Wednesday, December 6, 2017

#MerryChristmas 🎄Methodist Reverend Chappell preached against secularization in "Christmas without Christ" sermon

Below is the 1936 Christmas sermon from Methodist preacher Reverend Clovis G. Chappell

that appears in his book:  Chappell, Clovis G. Chappell's Special Day Sermons. Grand Rapids, MI: Baker Book House, 1983. Print.

An online version is also available at "A Classic Nativity Devotional" or you can check out a hard copy Bell, James S. A Classic Nativity Devotional. Carol Stream, Ill: Tyndale House Publishers, 2006. Print.

I included short editorial comments, such as giving chapter and verse of the Bible verses cited in Chappell's sermon, between square brackets []  I enclosed longer discursive comments, such as  hymn hymn titles of lyrics Chappell quoted, between scissor snips ✂️---------------------------------------

"There was no room for them in the inn" Luke 2:7


Here is a story whose pathos seems to deepen with the passing of the centuries. The angel of suffering has come to Mary, and her brow is crowned with the sweet radiance of motherhood. In her arms is a little child. That Child is Heaven's King, and the King of this world, and of all worlds. It was of him that the prophet sang : "For unto us a Child is born, unto us a Son is given: and the government shall be upon his shoulder: and his name shall be called Wonderful, Counsellor, The Mighty God, the everlasting Father, the Prince of Peace." [ Isaiah 9:6 ]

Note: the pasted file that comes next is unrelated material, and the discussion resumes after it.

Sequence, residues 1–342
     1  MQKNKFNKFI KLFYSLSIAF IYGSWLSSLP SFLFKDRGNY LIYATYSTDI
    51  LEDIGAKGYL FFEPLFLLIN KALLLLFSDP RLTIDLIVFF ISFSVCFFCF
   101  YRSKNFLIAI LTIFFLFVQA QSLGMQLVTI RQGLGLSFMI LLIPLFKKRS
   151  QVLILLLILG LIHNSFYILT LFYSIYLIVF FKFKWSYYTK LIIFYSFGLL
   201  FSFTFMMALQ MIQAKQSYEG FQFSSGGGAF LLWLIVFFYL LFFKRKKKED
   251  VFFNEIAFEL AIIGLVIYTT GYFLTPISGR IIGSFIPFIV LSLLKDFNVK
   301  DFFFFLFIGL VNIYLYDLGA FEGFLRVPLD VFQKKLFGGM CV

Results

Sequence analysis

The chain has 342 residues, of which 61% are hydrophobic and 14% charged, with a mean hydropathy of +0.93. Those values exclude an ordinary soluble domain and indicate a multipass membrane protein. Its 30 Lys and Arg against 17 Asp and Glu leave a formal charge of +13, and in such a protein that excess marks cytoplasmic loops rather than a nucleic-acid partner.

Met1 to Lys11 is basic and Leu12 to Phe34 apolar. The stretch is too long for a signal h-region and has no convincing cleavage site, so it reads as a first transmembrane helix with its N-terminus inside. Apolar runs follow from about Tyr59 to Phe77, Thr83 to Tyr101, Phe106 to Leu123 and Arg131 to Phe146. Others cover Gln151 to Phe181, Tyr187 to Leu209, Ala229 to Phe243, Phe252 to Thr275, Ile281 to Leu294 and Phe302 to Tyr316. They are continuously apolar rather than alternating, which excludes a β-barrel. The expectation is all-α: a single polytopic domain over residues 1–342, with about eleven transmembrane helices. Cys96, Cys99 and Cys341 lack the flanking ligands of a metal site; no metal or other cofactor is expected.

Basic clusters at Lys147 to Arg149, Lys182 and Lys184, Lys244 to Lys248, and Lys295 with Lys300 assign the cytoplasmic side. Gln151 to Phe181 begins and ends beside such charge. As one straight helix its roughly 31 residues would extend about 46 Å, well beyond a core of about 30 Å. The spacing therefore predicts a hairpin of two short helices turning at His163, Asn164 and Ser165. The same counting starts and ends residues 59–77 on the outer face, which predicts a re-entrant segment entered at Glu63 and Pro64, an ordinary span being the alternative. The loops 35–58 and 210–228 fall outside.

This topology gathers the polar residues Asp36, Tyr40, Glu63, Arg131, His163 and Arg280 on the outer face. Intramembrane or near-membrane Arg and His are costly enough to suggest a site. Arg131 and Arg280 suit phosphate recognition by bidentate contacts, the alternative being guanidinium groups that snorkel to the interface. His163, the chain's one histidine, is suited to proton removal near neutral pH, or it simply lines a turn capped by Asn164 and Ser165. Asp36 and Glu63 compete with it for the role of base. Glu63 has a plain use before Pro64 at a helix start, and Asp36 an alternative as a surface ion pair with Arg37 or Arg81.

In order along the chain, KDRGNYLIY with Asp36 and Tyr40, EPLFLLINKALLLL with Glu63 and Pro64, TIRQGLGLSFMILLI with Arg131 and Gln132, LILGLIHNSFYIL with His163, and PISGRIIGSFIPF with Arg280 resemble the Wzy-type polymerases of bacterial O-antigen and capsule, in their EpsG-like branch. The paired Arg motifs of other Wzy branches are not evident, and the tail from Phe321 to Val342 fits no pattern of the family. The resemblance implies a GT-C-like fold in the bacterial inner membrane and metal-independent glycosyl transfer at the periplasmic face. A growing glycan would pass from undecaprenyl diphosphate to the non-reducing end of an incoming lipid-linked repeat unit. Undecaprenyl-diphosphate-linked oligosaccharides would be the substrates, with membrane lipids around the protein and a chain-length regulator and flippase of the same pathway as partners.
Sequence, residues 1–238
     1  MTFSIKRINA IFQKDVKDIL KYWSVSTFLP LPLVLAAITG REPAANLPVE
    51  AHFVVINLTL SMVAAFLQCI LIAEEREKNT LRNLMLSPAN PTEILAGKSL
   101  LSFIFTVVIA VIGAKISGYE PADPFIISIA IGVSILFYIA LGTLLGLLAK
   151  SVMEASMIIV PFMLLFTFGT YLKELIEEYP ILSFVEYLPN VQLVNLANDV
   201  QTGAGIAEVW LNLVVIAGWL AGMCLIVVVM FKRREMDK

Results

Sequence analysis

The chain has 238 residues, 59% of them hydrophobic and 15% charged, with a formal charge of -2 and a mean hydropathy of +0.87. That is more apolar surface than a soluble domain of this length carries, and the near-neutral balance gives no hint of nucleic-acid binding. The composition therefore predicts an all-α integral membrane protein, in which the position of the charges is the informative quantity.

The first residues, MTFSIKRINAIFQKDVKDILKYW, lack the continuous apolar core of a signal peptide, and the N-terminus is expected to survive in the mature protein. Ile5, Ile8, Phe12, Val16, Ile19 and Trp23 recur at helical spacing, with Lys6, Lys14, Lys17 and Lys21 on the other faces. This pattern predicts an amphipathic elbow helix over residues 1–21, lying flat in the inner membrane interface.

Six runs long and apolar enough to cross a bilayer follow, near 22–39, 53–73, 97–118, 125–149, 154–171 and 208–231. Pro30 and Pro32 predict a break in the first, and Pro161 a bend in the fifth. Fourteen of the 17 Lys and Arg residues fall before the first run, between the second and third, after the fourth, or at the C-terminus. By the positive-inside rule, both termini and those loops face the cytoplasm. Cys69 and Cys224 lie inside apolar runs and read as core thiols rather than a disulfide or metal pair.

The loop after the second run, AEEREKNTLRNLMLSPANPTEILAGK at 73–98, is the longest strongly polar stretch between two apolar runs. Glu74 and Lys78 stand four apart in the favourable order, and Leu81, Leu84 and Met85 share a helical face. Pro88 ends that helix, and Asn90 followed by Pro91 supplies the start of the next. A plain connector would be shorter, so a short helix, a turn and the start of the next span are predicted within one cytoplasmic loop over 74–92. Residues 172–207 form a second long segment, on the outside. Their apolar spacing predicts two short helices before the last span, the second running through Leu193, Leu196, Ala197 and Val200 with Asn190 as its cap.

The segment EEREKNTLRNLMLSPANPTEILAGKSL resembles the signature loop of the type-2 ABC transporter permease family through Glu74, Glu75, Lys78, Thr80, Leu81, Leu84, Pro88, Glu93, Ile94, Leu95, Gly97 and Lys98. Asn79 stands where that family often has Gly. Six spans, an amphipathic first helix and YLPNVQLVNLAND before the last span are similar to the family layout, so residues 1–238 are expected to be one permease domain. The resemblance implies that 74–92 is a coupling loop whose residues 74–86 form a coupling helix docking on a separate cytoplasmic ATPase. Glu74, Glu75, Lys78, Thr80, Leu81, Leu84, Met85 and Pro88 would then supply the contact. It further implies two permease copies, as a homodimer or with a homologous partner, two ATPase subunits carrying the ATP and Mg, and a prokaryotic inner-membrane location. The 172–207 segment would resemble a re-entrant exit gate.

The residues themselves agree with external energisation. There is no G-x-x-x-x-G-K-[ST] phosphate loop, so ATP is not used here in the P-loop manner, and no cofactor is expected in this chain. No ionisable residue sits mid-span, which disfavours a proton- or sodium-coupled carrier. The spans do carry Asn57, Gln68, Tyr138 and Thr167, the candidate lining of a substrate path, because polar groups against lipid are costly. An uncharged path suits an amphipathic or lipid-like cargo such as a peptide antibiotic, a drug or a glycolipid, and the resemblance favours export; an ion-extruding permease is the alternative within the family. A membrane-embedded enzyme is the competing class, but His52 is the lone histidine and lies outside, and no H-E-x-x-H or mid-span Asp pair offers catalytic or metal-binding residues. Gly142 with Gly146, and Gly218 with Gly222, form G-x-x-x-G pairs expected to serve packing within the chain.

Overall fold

He is the Word made flesh that has come to dwell among us, full of grace and truth.

Matthew 3:17

His birth is an event so glorious that all Heaven is athrill with the wonder of it. A star is pointing to the manger cradle with fingers of light. An angel is proclaiming the glad tidings of great joy in words that never lose their sweetness : "For there is born unto you this day in the city of David, a Savior which is Christ the Lord." [ Luke 2:11